Ecuador: Saraguro and Loja
The origin of the nam Saraguro is not known yet it has been suggested it might mean "the land of corn" in kechan. The Saraguro people is the only ethnic that survived Spanish colonisation of the Loja region. Men wear black poncho and hat (originally with a wider rim of wool). Women wear skirt and black scarf. On head they have pelt hat with painted black spots on the reverse side. It is believed that their language and ethnicity make them descendands of the Incas who were resettled here from Bolivia or south Peru. The term for them is mitimaes - Inca settlers living outside the center ready to join the royal Inca army.
Sunday is the best day to visit the city. The Saragura people from near and far gather here. However, we didn't seen it for we had come too late. The city was already quiet and nothing left of the market. Moreover, it was raining. We were bit disappointed even though we would have made much photos. Locals hate when you take pictures of them and it can end up badly for you. It can easily happen that when taking a picture of say a church some locals could think you want to take a picture of them. They would shoult at you and show some agressive gestures. Exactly this happened to us in Loja. When photographing a memorial on the main square, an Indian sitting on grass off the range of our camera became so angry we thought he would throw stones at us. You can imagine how easy it was to explain to an angry Indian that you are actually taking pictures of not him but the sight.
Loja has rich history and culture. Spaniard Alonso de Mercadillo founded this city twice. First in 1546 in what is present Catamayo valley and the location of La Toma airport. However, malary and devastating earthquake forced settlers to move the city and build it again in 1548. Loja is one of the oldest Ecuadorian cities. It was engine for many innovations in Ecuador, it was first to start with the production of electricity in its hydroelectric power plant. Street lighting was built in 1899.
When arriving in the city center, we pass by Pierta de la Ciudad gate. At first, one gets the impression he is going through city's fortification or is getting into some fortress. However, this gate built between the years 1998–1999 is a replica which was made on a basis of city's coat of arms from 1571. Inside the building, there are four galleries in the city showing contemporary art, a cafe, and there is a beautiful vista over the city on the belfry. Parque Central with Bernard Valdivieso constitutes city's center. The square is lined with colonial-era buildings. You can find there structures which house government agencies usch as Municipalidad pr Gobernación de la Provincia. On the square there is also city's major cathedral Catedral de Loja that is among Ecuador's largest churches. Iglesio de Santo Domingo of 1600 is a church situated on Plaza de Federación. It has been said that the remains of city's founders rest in the catacombs of the church. Another square in the city is Plaza Simon Bolívar with hero's monument. Much more beautiful is Plaza de San Sebastián. It was here where city's dwellers gathered and declared their independence on November 18, 1820.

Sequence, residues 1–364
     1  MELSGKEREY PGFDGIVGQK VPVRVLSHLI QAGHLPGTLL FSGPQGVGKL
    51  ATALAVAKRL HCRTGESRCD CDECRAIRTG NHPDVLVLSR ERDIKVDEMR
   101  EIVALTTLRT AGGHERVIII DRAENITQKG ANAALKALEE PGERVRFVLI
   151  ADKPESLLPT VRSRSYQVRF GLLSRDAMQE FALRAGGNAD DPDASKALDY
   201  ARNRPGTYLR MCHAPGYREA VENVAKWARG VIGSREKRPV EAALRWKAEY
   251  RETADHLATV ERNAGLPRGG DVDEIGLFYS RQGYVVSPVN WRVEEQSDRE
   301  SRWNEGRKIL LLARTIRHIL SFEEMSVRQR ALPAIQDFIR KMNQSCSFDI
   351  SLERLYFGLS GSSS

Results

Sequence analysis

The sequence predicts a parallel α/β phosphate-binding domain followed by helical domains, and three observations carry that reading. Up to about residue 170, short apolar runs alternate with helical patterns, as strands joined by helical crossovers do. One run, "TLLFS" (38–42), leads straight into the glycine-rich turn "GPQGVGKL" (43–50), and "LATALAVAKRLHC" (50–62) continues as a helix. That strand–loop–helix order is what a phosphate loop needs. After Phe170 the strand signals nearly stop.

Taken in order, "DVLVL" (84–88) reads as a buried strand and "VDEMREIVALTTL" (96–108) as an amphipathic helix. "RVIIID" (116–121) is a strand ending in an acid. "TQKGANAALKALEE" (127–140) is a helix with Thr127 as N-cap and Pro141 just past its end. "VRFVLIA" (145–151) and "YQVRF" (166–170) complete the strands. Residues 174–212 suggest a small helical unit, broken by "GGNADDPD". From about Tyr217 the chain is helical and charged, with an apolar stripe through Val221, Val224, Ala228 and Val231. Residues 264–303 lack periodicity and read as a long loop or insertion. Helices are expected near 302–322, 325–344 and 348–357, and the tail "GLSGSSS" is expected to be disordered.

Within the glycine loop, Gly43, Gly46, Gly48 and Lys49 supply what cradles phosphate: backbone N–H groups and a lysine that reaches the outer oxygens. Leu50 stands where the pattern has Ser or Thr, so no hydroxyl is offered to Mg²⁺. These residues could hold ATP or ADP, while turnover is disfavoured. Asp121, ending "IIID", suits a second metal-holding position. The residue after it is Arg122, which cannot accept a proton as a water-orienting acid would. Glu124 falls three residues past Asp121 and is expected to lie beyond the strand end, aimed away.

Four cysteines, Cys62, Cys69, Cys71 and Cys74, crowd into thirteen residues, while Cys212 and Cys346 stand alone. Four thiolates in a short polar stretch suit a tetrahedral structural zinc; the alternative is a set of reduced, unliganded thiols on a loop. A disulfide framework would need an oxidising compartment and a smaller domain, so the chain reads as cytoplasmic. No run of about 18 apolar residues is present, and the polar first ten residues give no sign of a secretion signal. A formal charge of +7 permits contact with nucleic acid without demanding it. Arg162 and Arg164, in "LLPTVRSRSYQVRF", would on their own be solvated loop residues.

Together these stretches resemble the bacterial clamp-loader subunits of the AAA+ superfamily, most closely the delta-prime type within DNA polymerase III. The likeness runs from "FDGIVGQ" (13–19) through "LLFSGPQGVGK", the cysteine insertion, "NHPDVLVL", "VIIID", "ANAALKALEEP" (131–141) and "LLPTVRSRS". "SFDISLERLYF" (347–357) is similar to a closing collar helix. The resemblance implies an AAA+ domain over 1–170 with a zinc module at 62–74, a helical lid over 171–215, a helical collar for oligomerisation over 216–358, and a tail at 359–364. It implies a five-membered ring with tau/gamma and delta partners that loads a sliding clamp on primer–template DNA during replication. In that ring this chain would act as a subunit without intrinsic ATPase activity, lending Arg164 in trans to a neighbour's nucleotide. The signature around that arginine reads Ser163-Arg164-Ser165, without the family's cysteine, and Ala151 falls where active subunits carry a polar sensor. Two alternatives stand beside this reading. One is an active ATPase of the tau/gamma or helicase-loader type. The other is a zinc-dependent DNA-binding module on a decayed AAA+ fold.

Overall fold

The cobbled sqaure is one of the most beautiful places you can see in this city. A 32-meter belfry makes square's center. There are four reliefs on the belfry depicting the most important events in city's history. Colonial-era buildings line the square on its sides. The houses have wide vestibules, and balkons of carved wood. Glorieta de San Sebastián summer house is another colonial structure on the square and a venue for cultural events. Next to the summer house, there is, San Sebastián church completed in the year 1900, and re-built in 1979. Calle Lourdes, a colonial-style cobbled street runs from the square behind the church.
You can walk through Loja's city center in a day, or even in one afternoon. There are beautiful colonial era buildings. Moreover, there are no tourist crowds yet the city is busy anyway. Perhaps too much if you want to have a nice, tranquil walk in it.
GPS: (Loja) 3°59'08.7"S 79°12'07.6"W
Text and photos: Tomáš Novák
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